By Sarah Bristow
OPINION: It's been a helluva time. Almost a year of ambiguity, uncertainty and instability. Nothing new for a media company. It's an industry that's long been beset by challenges around cost, resourcing, ratings and an audience constantly looking elsewhere.
It takes a certain kind of person to hang in there. You need resilience, an unwavering belief in the job you're doing and pure passion for your vocation.
The Newshub newsroom has that in spades.
When Three - and Newshub along with it - was put on the market in October last year and just a week later, our News Director Hal Crawford announced his departure, the jitters in the office were palpable and justified.
Commentators said Three couldn't or wouldn't be sold, especially given the enormous challenges facing free to air broadcasters.
Our competitors sniffed opportunity and came hunting for our journalists. We were down, but we were not yet out.
I urged our team to hang in there. "The value of this business is us. We are the asset and we will be a much more compelling proposition for a potential buyer, if we all remain in the life raft," I told them.
With the sale hanging over our newsroom and the worry of how long we'd be able to pay our rent and mortgages, we covered extraordinary stories.
The Whakaari / White Island eruption saw Newshub's journalists spring into action, working around the clock to cover a tragedy with global reach.
The Australian bushfires took off over summer, and our budget took a hammering.
Early in the year, at editorial meetings we discussed a coronavirus outbreak in Wuhan.
It seemed so far away back then both in terms of geography and relevance.
Then it spread - and eventually showed up at our doorstep.
The magnitude of this event was - and I'll use the adjective so many have lent on - unprecedented.
And it required our newsroom to work harder than ever before.
Breaking news specials, hours of rolling coverage, our newsroom split in two, our radio and digital journalists working from home, health and safety rules changed the game, staying on air became the mission.
We accepted a voluntary pay cut.
The worry about paying our rent and mortgages became more acute.
The worries about our health and that of our families trumped it.
"The sale is progressing" was the only reassurance to give.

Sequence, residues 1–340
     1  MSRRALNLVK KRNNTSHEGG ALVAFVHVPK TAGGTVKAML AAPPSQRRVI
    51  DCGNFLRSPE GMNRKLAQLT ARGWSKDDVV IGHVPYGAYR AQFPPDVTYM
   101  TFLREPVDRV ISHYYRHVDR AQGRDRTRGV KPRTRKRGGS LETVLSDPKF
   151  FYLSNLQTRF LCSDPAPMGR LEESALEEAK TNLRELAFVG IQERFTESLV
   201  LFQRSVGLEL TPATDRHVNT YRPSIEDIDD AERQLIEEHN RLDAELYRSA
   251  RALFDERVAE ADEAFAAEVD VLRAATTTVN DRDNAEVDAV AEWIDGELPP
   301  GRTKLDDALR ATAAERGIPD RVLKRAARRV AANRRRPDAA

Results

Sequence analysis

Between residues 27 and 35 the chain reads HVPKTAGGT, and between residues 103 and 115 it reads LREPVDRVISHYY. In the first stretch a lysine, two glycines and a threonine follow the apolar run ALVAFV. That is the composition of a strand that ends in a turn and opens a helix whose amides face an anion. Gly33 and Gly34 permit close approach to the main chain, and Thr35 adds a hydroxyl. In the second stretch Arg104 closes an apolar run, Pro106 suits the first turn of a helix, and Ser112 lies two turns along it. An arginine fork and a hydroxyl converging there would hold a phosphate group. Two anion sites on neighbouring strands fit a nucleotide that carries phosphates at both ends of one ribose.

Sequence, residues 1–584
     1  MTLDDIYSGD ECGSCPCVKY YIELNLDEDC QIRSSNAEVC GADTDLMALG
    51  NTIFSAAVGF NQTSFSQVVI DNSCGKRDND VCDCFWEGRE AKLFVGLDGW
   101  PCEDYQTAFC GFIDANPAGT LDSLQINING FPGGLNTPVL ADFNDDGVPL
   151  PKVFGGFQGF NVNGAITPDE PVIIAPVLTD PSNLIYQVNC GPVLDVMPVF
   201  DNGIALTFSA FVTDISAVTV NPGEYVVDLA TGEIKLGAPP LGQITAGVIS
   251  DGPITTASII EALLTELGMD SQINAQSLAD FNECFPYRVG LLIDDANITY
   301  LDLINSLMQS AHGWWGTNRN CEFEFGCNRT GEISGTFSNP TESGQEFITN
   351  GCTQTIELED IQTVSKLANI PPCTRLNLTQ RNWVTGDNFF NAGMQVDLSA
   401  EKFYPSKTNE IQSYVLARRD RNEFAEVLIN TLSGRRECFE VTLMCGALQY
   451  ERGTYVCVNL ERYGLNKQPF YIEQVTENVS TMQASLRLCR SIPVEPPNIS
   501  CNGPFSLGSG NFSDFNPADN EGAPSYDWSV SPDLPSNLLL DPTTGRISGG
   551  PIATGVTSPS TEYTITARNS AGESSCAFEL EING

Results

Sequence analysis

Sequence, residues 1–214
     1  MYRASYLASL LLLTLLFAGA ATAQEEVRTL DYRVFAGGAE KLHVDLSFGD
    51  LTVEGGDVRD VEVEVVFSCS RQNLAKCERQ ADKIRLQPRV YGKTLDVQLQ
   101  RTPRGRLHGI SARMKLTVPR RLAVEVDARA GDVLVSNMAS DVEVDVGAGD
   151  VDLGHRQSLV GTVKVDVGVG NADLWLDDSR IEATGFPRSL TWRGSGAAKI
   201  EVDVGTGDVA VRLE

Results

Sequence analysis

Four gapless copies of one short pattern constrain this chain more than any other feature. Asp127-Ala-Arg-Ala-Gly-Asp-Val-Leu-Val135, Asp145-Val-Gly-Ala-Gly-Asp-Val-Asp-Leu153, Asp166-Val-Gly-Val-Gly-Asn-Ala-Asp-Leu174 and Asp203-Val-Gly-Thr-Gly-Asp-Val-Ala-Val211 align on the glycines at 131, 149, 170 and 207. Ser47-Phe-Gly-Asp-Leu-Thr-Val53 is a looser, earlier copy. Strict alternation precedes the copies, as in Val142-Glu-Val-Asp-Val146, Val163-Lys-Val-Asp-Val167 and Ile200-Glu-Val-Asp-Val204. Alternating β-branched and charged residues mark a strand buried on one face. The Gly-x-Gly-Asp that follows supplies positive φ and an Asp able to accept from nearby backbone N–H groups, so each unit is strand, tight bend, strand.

While our competitors canned their late news bulletin or dropped early morning radio news shows, Newshub kept every bulletin and news programme on air.
In fact, we added to our news and current affairs portfolio.
We saw an opportunity to launch a new show and reflect the nation's desire to make sense of COVID-19 and what it might mean for the future of New Zealand.
We launched in lockdown, preparing all of the necessary graphics and elements for the show in a week.
It was work that normally takes months.
The stress piled on, like it did for everyone.
We moved down the alert levels as the pre-election intensity ramped up.
Planning, logistics, budgets, pressure.
The election campaign launched and the second wave hit.
Breaking news specials, hours of rolling coverage, our newsroom split in two - you get the picture.
We wondered how long lockdown would last this time and what further impact it would have on revenue.
"The sale is progressing."
The election date moved and the planning, logistics and budgets needed major adjustment.
The Christchurch terrorist was sentenced - a story that required sensitivity and needed to be treated with the utmost care.
Throughout this time our newsroom has thrived.
Our reporting has been some of the best in the country.
We've broken stories, we've asked questions, we've acted as a voice for the public, we've held officials to account - on unnecessary mountain bike rides, around border testing, the supply of PPE, failings at quarantine and isolation facilities.
Almost a year of ambiguity, uncertainty and instability and rather than lose valued staff, we've grown our pool of talent.
We are a brilliant newsroom, filled with exceptional journalists - and so many other talented and dedicated team players who allow them to fulfill their potential.
Yesterday, the sale progressed.
And the future is bright for a newsroom full of people who collectively remained in the life raft, trusting in our value, our abilities and that someone would see our worth.
Those of us leading the TV business had our first post-sale chat with Discovery.
"Think big", Discovery urged us.
We sure will. We are capable of that. And of much more.
Sarah Bristow is Newshub's Director of News.